Joe Henry now routinely gets up in the darkness of the morning. Call it a poet’s time. Or call it what you do when you’ve miraculously survived cancer’s death sentence.

Stage 4 prostate cancer. It had metastasized to his bones. No surgery, no chemo, no radiation. Three to seven months to live.

The veteran singer-songwriter/Grammy-winning producer turned to androgen deprivation therapy. In the middle of all the treatments, the 59-year-old announced the frightening news of his diagnosis in concert at a small Los Angeles club in May 2019.

“On one hand, it was a hard decision to be that candid in front of an audience. On the other hand, I had to find a way to do it that was authentic to me,” said Henry, who will be performing Thursday at the Dakota in Minneapolis. “We’re all going to be dealing with challenges to our mortality. I didn’t think I had a choice. I needed to find a way to do it.”

As Henry went through treatment, he wrote poems.

“I process things by writing,” he explained. “I felt instinctively that I needed to write my way through. I’ve been writing poems before I was writing songs.”

One evening he got into bed early with his notebook to pen what he assumed was a poem. He realized it was a song — “the beginning of a flood of songs that followed.”

He was writing tunes so fast that he didn’t even take time to record his usual musical voice memos on his smartphone. Realizing he was being careless, he decided to document these songs to evaluate them. So he invited a handful of his favorite musicians, including his reeds-playing son Levon Henry, to a friend’s studio.

Over two days, they recorded 14 songs. Henry assumed they were demos.

“Only after I got home and listened to everything with my wife and my son, I heard that it was a complete idea,” Henry reflected. “This became something more than I envisioned it could.”

It became an album, “The Gospel According to Water,” that Henry released on his own label in November.

To promote the project, the well-connected music maker enlisted a host of famous friends including Lucinda Williams, John Prine and Gloria Steinem to announce his new songs on social media.

“There is enough anger, enough misery in the world,” Elvis Costello posted. “Too many tears, fires and trampled flowers, so make room in your life for some beauty like this.”

“His inimitable style/raw beautiful lyrics make this entire body of music a wonder to behold,” Joan Baez opined.

Rosanne Cash, who also touted a tune, said in an interview that Henry “has a direct pipeline to the creative force. Even in technical or sonic matters, he expresses himself as a poet.”

“The Gospel According to Water” arrived 12 months after Henry’s cancer was diagnosed. One of the best albums of 2019, the record is powerfully stripped down, with warmth and immediacy, focusing on his nuanced voice and poetic words about faith, love and life.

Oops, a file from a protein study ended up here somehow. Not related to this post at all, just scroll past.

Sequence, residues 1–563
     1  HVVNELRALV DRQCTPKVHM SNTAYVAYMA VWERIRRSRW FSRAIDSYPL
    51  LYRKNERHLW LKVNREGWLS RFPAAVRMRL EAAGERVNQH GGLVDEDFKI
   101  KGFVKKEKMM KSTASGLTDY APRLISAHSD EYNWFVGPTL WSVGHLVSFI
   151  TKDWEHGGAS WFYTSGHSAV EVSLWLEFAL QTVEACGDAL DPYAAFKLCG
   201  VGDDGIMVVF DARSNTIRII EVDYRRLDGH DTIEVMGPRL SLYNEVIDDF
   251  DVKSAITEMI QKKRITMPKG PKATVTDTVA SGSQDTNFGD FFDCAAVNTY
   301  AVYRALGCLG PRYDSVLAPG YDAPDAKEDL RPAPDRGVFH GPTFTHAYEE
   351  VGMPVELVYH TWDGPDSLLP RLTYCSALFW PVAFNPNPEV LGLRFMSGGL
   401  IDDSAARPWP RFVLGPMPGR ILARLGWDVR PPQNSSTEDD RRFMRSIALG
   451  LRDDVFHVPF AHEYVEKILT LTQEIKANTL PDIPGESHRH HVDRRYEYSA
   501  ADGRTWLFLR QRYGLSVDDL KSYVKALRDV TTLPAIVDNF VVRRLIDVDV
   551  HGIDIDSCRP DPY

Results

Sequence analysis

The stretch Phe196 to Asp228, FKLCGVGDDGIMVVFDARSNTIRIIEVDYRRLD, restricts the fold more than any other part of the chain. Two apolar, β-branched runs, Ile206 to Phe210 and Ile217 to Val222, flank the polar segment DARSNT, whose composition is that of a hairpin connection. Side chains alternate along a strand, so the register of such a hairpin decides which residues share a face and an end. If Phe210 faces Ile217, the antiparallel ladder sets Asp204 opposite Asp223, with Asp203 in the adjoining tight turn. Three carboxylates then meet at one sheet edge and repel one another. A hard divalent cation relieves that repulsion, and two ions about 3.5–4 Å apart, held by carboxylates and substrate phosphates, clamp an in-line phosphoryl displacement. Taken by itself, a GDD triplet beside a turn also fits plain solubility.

“I don’t in any way think of these as cancer songs,” Henry observed. “The songs grew out of the black earth of this moment in time for me. They don’t mean my story. They mean what they mean.”

Minneapolis homecoming

Henry is in remission now, ready to hit the road, opening his comeback tour in Minneapolis, a place that’s long been special to the longtime Los Angeles resident.

“It always feels like a bit of a homecoming because I have so many roots and dear friends there,” he said. “For a while, Minneapolis was a home base for me because the Jayhawks were working as my backing band.”

In the 1990s, Henry rehearsed in Minneapolis and toured in the Jayhawks’ converted ambulance van.

“It was like being in the Army,” he romanticized. “We went through something significant and treacherous together. Those are lifetime bonds.”

Henry is performing solo this time around so he can “look people in the eye.”

He approaches life differently — a new diet, yoga, meditation, even boxing.

“I go to bed earlier,” he detailed. “I get up earlier. I’m monkish in that regard. It’s a great time to work.”

Moreover, Henry is pacing himself. He’s plotted a fairly extensive tour for winter, spring and summer but in smaller segments.

Producing a legend

Born in North Carolina, Henry became obsessed with poetry and music during his high school years in suburban Detroit. After graduating from the University of Michigan, he moved to Brooklyn to launch his career as a singer-songwriter. Over the years, he’s released 15 solo albums that have earned him a sterling reputation as a literate but idiosyncratic singer-songwriter.

He’s had side hustles like writing a song (“Don’t Tell Me”) for his sister-in-law Madonna, co-authoring a Richard Pryor biography and producing albums for cool legends, including Solomon Burke, Ramblin’ Jack Elliott and Bonnie Raitt, and such new faces as Milk Carton Kids and Rhiannon Giddens. His production work has earned Henry three Grammys.

He recently returned to producing on a project in Nashville that he can’t announce but described as “an elderly and fading and wildly significant legendary artist at the end of a life felt compelled to record an album of old gospel songs.”

He’s ready for more producing.

“My shingle’s out,” he said. “That [Nashville recording] felt like taking back my life that I had to set aside for a year or so.”

Henry is reclaiming his station as a producer, songwriter, poet, singer, performer and life force.

“I know that music saved my life. I know it sounds trite except I really mean it,” he offered. “Fear about my future pulled all the blinds. Every time I engaged in something creatively — a poem or a song — I’d feel like the windows and doors blew wide open, and I had access to imagining something other than a worst-case scenario. I felt alive.”